Twenty-two years ago, a brash 20-year-old rookie goalie from Quebec named Patrick Roy
led the famed Montreal Canadiens
to the Stanley Cup championship, and, in the process, won himself the Conn Smythe Trophy.
It can happen for the Habs again this season, only now the rookie goalie is a quiet 20-year-old from British Columbia named Carey Price
Price, though, isn't the only fresh face already making an impact on his team in the playoffs. There's a handful, and NHL.com is here to tell you all about them.
Here are five from the Eastern Conference, starting with the guy you already knew about.
Carey Price, Montreal Canadiens:
By now, you all know the story of how Price landed the No. 1 job in Montreal. You also have heard that by trading veteran Cristobal Huet
at the deadline, Canadiens GM Bob Gainey was basically hitting on a 16 and praying for a five.
He may just get it.
Through four games against Boston in the Eastern Conference Quarterfinal round series Price has a 1.20 goals-against average and a .957 save percentage. He has stopped 110 of 115 shots. Montreal leads the series, three games to one.
Since taking over as the No. 1, Price has gained confidence normally reserved for a goalie well beyond Price's years and experience. He actually seems relaxed despite the fact that he is basically the elephant in the room these days. He finished the regular season 24-12-3, with three shutouts, a 2.56 GAA and a remarkable .920 save percentage.
Actually, this shouldn't be so surprising at all. Just last season, Price embraced the pressure of the AHL playoffs and took the Hamilton Bulldogs all the way to a Calder Cup championship. Earlier in the year, he went 6-0 with two shutouts and a 1.14 GAA at the World Junior Championships in leading Team Canada to another gold medal.
Sergei Kostitsyn, Montreal Canadiens:
Habs fans should remember Dec. 12, 2007. That's the day Gainey went fishing in Hamilton for the younger Kostitsyn – the kid brother to Montreal first-liner Andrei Kostitsyn
-- and reeled him up to the big club in Montreal.
Ever since, Kostitsyn has provided the Canadiens with a bundle of secondary scoring, making an impact by playing more than 14 consistent minutes a game, including some time on the League's No. 1 power play and being a strong presence on the forecheck.
After registering nine goals, 18 assists and a plus-9 rating in 52 regular-season games, Kostitsyn has two goals and a plus-2 rating through four playoff games. He scored a goal in each of Montreal's first two victories.
At the time of his call-up, Kostitsyn was leading Hamilton with 22 points in as many games. The Habs' seventh-round selection in 2005 was a dominant force last season playing on the same line with Patrick Kane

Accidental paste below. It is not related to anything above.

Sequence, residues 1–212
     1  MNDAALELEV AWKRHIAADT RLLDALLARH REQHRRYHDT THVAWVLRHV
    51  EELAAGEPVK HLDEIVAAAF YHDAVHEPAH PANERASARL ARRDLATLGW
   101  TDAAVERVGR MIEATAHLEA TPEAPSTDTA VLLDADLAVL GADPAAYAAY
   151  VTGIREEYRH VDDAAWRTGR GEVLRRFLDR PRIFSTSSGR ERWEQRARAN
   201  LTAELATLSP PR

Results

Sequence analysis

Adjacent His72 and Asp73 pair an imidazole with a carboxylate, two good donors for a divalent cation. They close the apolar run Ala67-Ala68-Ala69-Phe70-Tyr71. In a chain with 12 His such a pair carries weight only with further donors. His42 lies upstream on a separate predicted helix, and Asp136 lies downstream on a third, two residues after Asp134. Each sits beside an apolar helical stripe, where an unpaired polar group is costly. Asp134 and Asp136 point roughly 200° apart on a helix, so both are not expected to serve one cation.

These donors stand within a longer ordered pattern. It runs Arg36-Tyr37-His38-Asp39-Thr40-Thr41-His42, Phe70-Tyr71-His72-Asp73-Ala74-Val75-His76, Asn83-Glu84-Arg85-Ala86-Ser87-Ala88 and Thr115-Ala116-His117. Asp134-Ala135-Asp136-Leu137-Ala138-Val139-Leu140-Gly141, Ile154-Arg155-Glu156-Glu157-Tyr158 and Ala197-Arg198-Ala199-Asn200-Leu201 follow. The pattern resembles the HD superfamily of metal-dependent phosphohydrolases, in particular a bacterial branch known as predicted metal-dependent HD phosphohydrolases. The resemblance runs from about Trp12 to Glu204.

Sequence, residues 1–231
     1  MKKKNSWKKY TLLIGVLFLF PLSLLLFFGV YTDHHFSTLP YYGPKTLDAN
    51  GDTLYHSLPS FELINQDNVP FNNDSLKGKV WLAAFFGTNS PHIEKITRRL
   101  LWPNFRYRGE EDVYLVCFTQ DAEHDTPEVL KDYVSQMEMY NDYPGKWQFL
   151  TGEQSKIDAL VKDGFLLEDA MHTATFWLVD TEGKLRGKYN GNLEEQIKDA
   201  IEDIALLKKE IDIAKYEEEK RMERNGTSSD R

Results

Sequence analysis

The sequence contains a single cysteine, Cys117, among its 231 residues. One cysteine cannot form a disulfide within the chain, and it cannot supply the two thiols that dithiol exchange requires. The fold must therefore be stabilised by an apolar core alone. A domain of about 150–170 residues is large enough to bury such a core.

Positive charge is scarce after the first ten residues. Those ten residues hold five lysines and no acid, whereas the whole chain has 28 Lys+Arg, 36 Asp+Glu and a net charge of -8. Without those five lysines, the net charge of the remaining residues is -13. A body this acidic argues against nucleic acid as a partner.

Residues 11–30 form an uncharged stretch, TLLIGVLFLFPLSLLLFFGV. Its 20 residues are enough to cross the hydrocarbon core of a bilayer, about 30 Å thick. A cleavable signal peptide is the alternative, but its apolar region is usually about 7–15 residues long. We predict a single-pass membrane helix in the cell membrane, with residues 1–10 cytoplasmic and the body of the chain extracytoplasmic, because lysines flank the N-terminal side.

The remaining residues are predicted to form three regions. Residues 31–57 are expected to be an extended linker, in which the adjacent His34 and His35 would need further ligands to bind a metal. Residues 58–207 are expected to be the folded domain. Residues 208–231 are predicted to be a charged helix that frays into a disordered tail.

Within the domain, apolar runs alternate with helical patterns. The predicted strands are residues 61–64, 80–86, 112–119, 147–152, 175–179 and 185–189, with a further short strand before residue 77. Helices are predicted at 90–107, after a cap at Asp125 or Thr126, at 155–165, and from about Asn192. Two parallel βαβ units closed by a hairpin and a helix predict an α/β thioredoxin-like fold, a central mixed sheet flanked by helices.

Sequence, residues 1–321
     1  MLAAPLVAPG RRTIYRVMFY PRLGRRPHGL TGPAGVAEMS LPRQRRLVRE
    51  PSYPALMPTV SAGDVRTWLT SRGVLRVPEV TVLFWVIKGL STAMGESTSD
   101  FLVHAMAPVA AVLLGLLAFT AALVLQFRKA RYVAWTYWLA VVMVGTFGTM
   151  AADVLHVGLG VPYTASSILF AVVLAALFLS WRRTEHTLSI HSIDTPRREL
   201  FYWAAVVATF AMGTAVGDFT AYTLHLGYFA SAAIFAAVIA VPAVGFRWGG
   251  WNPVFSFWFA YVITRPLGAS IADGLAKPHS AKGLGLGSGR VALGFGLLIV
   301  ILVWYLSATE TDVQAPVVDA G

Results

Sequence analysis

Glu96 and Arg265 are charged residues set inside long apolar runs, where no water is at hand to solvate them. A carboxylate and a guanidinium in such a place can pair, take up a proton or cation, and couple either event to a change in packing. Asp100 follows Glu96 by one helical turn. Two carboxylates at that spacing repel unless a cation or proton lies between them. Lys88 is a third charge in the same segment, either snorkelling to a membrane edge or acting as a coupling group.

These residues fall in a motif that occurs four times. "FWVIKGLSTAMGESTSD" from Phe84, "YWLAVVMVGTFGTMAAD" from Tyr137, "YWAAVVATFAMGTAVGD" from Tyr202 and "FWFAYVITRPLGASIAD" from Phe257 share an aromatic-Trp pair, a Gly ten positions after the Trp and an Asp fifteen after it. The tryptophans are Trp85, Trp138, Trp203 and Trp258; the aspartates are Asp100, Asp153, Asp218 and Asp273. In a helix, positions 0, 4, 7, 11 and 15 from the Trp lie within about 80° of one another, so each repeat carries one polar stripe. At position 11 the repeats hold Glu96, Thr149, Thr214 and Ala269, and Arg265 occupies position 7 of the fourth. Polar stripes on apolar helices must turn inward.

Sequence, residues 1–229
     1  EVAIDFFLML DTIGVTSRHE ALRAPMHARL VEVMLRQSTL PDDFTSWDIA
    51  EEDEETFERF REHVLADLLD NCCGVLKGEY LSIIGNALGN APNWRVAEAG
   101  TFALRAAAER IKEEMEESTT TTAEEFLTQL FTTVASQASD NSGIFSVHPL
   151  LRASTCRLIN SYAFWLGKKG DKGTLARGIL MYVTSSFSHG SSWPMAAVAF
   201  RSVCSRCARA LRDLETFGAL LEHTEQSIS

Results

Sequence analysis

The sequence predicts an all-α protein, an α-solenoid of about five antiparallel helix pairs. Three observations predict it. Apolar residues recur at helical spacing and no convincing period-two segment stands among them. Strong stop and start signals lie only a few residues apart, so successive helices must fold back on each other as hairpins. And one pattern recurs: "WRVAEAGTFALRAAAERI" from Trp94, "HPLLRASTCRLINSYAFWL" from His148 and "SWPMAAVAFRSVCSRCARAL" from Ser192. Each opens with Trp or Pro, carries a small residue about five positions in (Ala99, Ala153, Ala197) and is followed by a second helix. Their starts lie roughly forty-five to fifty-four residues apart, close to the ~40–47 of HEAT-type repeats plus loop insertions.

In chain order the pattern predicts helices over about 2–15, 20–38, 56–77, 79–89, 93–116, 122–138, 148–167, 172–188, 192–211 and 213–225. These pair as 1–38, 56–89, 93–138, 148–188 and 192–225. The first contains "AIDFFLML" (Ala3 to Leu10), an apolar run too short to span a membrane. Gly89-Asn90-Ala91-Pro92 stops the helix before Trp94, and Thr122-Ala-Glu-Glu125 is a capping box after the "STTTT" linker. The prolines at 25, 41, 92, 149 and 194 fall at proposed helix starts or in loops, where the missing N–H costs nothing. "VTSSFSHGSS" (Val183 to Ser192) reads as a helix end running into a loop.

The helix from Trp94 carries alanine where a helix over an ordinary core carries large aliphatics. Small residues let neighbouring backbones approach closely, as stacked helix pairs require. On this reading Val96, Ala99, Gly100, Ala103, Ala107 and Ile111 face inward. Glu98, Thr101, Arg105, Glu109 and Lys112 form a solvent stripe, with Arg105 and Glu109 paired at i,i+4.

and Sam Gagner
for the OHL's London Knights. He had 40 goals and 91 assists for 131 points in just 59 regular-season games. He netted another 21 points in 16 playoff games.
Kris Letang, Pittsburgh Penguins:
Although he was a force as an offensive defenseman in the QMJHL, it's not Letang's prowess with the puck that the Penguins crave. They have enough playmakers and goal scorers to fill up the stat sheet, so what they want and get out of Letang on a game-by-game basis is consistency and durability.
Ever since making his season debut on Nov. 15 after getting called up from Wilkes-Barre/Scranton of the AHL, Letang has played more than 18 minutes per game.
He has provided offense from the blue line (six goals, 11 assists in regular season), and has played some key power-play shifts, as well as seeing some time with the Penguins shorthanded.
Letang did not register a point in his first three playoff games, but was contributing a solid 21 shifts per game, including several on the power play.
Brandon Dubinsky, New York Rangers:
On July 1, the debate among Ranger fans was who would be Jaromir Jagr
's center, Scott Gomez
or Chris Drury
? The merits of each free-agent signee were debated with some believing Gomez would be the guy because his passing and ability to see the ice and skate it well would open room for Jagr. Others figured it would be Drury because his hard, drive-the-net style would open even more room for Jagr to work the right wing.
|Rangers' rookie, Brandon Dubinsky, has been an important factor in their playoff run. He has registered two goals and an assist in three games played.
Rangers coach Tom Renney tried both. He settled on Dubinsky.
Dubinsky's been one of the Rangers best players this postseason through three games against the New Jersey Devils
. He scored two goals and had four shots on goal in Game 3. He also registered an assist in Game 2. He has four penalty minutes and seven shots on goal while playing an average of 17:39 a game.
If you go by the thinking that Jagr is supposed to be the Rangers best player and he's the one that has to have a big postseason for the Rangers to make a big run, than it's not totally far-fetched to say that, among New York's centers, Dubinsky is the most important.
Nicklas Backstrom, Washington Capitals:
It's not out of line to say the Washington Capitals
are in the playoffs because of Alex Ovechkin
. It's also not out of line to say without Nicklas Backstrom
, Ovechkin may not have had as marvelous of a regular season as he did.
Backstrom led all NHL rookies with 55 assists in the regular season. He was second among rookies with 69 points. He also had a plus-13 rating. He has one assist through three playoff games, and has continued to play roughly 21 minutes a game.
Even before Michael Nylander
was lost for the season to a torn rotator cuff in January, Caps coach Bruce Boudreau
turned to Backstrom -- the young Swede who is less than two years removed from being the fourth overall selection in the NHL Entry Draft -- to center Ovechkin's line.
The two young Europeans developed instant chemistry, on and off the ice, and now Backstrom is a leading candidate for the Calder Trophy as NHL Rookie of the Year.
Contact Dan Rosen at firstname.lastname@example.org.